9 found
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  1.  11
    ViSA: A Neurodynamic Model for Visuo-Spatial Working Memory, Attentional Blink, and Conscious Access.Luca Simione, Antonino Raffone, Gezinus Wolters, Paola Salmas, Chie Nakatani, Marta Olivetti Belardinelli & Cees van Leeuwen - 2012 - Psychological Review 119 (4):745-769.
  2. Binding in Working Memory and Long-Term Memory: Towards an Integrated Model.Jaap Mj Murre, Gezinus Wolters & Antonino Raffone - 2006 - In Hubert Zimmer, Axel Mecklinger & Ulman Lindenberger (eds.), Handbook of Binding and Memory: Perspectives From Cognitive Neuroscience. Oxford University Press.
     
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  3.  27
    NMDA Synapses Can Bias Competition Between Object Representations and Mediate Attentional Selection.Antonino Raffone, Jaap M. J. Murre & Gezinus Wolters - 2003 - Behavioral and Brain Sciences 26 (1):100-101.
    Phillips & Silverstein emphasize the gain-control properties of NMDA synapses in cognitive coordination. We endorse their view and suggest that NMDA synapses play a crucial role in biased attentional competition and (visual) working memory. Our simulations show that NMDA synapses can control the storage rate of visual objects. We discuss specific predictions of our model about cognitive effects of NMDA-antagonists and schizophrenia.
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  4.  20
    Marr Versus Marr: On the Notion of Levels.Frank van der Velde, Gezinus Wolters & A. H. C. van der Heijden - 1994 - Behavioral and Brain Sciences 17 (4):681-682.
  5.  36
    Contrasts and Dissociations Suggest Qualitative Differences Between Conscious and Unconscious Processes.Gezinus Wolters & R. Hans Phaf - 2002 - Behavioral and Brain Sciences 25 (3):359-360.
    The authors reject a computationally powerful unconscious. Instead, they suggest that simple unconscious processes give rise to complex conscious representations. We discuss evidence showing contrastive effects of conscious and unconscious processes, suggesting a distinction between these types of processes. In our view, conscious processes often serve to correct or control negative consequences of relatively simple unconscious processes.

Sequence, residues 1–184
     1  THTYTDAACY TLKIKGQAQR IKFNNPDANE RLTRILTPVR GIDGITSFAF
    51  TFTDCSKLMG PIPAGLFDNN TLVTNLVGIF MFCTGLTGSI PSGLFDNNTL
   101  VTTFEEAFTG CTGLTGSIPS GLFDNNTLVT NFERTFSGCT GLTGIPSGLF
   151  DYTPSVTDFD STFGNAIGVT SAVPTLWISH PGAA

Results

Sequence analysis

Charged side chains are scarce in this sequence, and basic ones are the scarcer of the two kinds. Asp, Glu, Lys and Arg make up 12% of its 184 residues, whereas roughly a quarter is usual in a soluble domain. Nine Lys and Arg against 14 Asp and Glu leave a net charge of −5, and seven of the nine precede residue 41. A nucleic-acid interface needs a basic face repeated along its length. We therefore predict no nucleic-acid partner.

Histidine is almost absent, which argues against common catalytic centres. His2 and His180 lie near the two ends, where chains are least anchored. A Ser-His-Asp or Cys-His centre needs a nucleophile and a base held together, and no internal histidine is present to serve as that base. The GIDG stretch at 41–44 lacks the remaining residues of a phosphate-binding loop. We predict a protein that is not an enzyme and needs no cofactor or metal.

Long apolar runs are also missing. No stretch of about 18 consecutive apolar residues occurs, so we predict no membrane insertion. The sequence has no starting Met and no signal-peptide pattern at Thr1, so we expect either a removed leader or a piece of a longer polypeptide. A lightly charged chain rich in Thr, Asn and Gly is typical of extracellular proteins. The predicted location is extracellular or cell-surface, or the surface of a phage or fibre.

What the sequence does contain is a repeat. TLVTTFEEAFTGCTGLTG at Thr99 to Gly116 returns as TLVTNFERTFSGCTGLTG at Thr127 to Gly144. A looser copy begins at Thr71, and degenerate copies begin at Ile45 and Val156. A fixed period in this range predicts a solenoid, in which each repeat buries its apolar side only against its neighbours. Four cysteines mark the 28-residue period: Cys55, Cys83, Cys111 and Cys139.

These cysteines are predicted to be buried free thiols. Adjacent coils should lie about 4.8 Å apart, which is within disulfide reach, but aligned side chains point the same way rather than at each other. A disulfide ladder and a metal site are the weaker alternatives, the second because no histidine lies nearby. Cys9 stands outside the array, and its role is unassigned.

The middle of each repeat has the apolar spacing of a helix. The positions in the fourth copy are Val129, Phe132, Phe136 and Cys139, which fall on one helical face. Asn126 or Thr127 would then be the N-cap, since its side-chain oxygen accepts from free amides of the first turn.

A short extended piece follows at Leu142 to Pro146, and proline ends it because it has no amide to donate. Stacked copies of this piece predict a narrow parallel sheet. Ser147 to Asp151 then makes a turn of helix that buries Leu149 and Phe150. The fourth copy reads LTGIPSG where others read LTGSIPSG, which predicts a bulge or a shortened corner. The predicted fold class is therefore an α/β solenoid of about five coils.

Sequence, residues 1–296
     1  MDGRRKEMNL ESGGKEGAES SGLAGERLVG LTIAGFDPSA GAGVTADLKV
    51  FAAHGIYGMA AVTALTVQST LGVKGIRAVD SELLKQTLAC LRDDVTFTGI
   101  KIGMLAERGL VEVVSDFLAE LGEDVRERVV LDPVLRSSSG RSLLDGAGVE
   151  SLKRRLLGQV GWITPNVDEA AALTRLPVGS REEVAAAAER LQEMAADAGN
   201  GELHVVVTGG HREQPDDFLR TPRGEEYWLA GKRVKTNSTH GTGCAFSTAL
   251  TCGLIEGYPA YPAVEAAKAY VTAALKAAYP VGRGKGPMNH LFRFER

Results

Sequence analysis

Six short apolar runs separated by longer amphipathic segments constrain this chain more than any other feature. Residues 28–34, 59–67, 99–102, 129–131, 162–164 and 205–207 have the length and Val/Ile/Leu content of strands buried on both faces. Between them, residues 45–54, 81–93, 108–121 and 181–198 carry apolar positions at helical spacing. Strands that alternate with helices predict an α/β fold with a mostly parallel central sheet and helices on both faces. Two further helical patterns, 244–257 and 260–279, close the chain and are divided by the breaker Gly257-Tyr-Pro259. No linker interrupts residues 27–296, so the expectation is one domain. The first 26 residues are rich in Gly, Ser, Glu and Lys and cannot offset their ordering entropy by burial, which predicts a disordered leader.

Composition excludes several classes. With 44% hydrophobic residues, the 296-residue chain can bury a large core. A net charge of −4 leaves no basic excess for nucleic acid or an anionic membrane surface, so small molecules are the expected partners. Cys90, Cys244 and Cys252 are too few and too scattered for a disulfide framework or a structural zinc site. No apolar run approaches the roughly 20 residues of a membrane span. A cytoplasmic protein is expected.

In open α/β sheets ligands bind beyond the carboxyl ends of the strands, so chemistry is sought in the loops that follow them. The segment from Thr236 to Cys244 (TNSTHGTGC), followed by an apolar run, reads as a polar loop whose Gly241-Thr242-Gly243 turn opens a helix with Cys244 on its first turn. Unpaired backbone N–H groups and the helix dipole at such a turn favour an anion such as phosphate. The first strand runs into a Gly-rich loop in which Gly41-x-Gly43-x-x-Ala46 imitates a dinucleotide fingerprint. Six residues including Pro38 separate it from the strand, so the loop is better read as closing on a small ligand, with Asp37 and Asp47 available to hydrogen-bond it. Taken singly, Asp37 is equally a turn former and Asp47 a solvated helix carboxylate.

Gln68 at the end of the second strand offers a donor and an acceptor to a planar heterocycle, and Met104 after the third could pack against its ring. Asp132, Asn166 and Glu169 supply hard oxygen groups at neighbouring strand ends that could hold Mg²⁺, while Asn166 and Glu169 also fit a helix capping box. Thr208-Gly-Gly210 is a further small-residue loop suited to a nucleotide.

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  6.  13
    "ViSA: A Neurodynamic Model for Visuo-Spatial Working Memory, Attentional Blink, and Conscious Access": Correction to Simione Et Al.Luca Simione, Antonino Raffone, Gezinus Wolters, Paola Salmas, Chie Nakatani, Marta Olivetti Belardinelli & Cees van Leeuwen - 2012 - Psychological Review 119 (4):769-769.
  7.  16
    How Are Events Represented?Gezinus Wolters & Antonino Raffone - 2001 - Behavioral and Brain Sciences 24 (5):908-909.
    We note two important problems in the Theory of Event Coding. First, because the representational format of features and events is unspecified, the theory is difficult to test. Second, the theory lacks a mechanism for the integration of features into an event code when the features are shared by different events. Possible ways of solving these problems are suggested.
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  8.  13
    Constructing Consciousness.Gezinus Wolters & R. Hans Phaf - 1999 - Behavioral and Brain Sciences 22 (1):174-174.
    O'Brien & Opie make unnecessary distinctions between vehicle and process theories and neglect empirically based distinctions between conscious and unconscious processing. We argue that phenomenal experience emerges, not just as a byproduct of input-driven parallel distributed processing, but as a result of constructive processing in recurrent neural networks. Stable network states may be necessary, but are not sufficient, for consciousness.
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  9. A Competitive Manifesto.R. Hans Phaf & Gezinus Wolters - 2000 - Behavioral and Brain Sciences 23 (4):487-488.
    The distinction made by Page between localist and distributed representations seems confounded by the distinction between competitive and associative learning. His manifesto can also be read as a plea for competitive learning. The power of competitive models can even be extended further, by simulating similarity effects in forced-choice perceptual identification (Ratcliff & McKoon 1997) that have defied explanation by most memory models.
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